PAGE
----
Hal Holbrook, best known for portraying Mark Twain on stage and screen for over six decades, is dead at 95.
The prolific actor passed away on January 23 in Beverly Hills, California.

The Cleveland-born Holbrook began portraying the Southern author in the one-man show Mark Twain Tonight! in 1954, while he was studying at Lock Haven State Teachers College. The show traveled around the country, and eventually around the world. In 1967, Mark Twain Tonight! was broadcasted on CBS. He received an Emmy for his performance, which captured Twain's signature drawl and acerbic wit.

Interestingly enough, Holbrook was only 29 when he began playing 70-year-old Twain, and would continue to embody him well into his 80s. It wasn’t until September 2017 that Holbrook officially announced his one-man show’s retirement. He resigned in a letter to an Oklahoma theater where he was scheduled to perform. “I know it must end, this long effort to do a good job,” he wrote. “I have served my trade, gave it my all, heart and soul, as a dedicated actor can.”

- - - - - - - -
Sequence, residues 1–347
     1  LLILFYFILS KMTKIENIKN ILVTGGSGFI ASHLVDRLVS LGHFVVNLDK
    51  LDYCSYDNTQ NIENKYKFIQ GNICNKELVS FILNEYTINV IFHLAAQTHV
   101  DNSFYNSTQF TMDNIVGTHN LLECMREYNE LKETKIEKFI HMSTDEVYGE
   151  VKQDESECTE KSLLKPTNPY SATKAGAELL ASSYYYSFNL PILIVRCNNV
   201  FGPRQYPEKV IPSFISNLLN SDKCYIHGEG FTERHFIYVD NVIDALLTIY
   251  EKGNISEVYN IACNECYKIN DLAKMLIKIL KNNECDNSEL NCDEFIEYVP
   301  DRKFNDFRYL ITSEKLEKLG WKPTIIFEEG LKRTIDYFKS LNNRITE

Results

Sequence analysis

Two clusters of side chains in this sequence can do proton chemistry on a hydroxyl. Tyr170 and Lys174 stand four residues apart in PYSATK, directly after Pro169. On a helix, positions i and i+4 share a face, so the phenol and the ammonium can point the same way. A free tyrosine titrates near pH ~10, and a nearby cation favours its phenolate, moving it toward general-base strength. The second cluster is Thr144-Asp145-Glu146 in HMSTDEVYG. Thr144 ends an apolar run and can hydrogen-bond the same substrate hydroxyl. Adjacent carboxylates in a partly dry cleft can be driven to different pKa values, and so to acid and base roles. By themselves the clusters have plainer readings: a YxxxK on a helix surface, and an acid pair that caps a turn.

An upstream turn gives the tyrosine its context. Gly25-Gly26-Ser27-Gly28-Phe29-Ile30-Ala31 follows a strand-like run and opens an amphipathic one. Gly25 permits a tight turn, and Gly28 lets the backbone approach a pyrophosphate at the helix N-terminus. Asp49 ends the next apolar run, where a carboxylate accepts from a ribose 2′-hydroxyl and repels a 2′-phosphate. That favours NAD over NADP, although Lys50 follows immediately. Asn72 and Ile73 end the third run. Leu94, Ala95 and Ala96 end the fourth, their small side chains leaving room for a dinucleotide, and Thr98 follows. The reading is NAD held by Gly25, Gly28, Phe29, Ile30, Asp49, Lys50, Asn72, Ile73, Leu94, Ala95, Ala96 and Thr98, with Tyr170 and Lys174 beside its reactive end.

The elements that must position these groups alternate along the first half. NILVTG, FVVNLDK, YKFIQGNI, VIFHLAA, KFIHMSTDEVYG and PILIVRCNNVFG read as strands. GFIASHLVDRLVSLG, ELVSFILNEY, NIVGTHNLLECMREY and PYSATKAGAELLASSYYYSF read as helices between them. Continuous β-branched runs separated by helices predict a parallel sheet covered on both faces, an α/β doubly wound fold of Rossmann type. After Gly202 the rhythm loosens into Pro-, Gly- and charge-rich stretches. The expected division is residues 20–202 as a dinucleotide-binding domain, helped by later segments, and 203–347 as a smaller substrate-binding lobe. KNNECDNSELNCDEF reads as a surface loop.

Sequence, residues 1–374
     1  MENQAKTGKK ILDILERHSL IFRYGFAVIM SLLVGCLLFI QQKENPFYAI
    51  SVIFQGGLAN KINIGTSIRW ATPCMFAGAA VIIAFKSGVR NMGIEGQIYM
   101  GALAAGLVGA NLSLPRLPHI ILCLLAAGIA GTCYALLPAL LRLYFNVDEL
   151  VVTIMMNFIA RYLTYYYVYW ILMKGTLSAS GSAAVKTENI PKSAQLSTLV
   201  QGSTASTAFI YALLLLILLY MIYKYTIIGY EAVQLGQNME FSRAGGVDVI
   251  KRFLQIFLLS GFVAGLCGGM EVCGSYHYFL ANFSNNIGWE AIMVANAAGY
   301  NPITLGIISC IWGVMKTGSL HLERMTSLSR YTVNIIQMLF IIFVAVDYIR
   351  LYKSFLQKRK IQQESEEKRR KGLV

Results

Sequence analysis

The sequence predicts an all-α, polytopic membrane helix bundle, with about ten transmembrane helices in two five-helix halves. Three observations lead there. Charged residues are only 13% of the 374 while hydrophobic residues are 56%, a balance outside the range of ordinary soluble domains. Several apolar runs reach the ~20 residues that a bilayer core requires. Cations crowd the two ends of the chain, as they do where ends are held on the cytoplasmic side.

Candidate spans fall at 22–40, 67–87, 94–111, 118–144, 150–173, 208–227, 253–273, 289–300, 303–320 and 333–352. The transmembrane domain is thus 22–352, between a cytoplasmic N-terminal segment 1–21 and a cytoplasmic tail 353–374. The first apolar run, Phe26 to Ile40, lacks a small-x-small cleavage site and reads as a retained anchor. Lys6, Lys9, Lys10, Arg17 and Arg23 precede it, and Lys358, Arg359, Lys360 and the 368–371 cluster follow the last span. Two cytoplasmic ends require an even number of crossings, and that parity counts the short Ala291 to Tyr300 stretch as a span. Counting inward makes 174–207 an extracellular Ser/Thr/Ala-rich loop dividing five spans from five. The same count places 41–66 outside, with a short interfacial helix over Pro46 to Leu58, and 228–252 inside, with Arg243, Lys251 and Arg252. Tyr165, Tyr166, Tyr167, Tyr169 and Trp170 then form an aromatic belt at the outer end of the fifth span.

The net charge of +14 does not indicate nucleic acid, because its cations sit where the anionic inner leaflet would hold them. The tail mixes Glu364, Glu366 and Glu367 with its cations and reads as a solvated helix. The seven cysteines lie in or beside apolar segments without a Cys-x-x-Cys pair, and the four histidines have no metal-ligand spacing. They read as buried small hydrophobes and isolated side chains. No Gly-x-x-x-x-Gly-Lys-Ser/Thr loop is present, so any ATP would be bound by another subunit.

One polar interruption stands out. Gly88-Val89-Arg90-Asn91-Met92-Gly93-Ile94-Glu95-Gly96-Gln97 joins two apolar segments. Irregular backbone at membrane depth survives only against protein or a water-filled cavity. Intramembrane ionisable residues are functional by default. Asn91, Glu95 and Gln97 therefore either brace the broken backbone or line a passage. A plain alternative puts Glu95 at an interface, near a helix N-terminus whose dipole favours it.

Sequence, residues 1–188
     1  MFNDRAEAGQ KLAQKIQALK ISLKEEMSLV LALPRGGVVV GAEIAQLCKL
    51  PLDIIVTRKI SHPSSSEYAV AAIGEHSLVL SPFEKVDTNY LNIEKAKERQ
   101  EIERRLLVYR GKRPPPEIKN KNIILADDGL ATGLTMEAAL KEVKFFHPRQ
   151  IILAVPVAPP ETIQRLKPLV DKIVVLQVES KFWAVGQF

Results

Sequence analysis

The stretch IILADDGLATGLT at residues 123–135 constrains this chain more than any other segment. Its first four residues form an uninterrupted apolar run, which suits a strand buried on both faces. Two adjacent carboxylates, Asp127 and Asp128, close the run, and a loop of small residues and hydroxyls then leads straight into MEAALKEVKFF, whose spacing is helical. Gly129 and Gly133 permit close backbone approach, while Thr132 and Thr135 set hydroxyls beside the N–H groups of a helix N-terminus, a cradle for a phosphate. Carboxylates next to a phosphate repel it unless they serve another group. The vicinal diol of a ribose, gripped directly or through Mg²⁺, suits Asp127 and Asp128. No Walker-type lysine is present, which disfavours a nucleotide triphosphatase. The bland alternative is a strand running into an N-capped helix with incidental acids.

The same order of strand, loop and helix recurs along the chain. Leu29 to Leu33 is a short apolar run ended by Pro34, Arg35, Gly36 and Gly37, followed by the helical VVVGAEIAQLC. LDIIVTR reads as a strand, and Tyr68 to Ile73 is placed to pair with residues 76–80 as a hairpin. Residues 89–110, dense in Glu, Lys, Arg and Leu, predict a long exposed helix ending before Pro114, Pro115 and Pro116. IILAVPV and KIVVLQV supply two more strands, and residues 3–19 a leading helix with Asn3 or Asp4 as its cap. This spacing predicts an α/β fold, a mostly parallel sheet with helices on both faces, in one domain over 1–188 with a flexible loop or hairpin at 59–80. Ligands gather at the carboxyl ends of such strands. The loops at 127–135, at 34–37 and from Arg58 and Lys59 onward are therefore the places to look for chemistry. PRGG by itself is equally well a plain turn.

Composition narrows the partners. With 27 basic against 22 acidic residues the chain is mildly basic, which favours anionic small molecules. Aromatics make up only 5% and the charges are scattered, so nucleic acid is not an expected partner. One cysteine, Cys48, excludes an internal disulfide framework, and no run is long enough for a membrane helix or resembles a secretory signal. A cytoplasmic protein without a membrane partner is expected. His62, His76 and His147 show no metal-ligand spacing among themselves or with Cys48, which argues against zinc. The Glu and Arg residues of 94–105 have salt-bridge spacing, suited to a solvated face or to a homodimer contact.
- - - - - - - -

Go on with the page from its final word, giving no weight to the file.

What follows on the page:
In addition to his iconic role of Twain, Holbrook played the grandfatherly role of Ron Franz in Sean Penn's 2007 movie Into the Wild, earning him nominations for the Academy Award and Screen Actors Guild Award for Best Supporting Actor. He also played the influential Republican journalist Francis Preston Blair in Steven Spielberg's Lincoln in 2012, but his most famous movie role is likely as the mysterious source Deep Throat in All the President’s Men.

Holbrook is survived by his children, his two stepdaughters Ginna Carter and Mary Dixie Carter, his two grandchildren, and two step-grandchildren.

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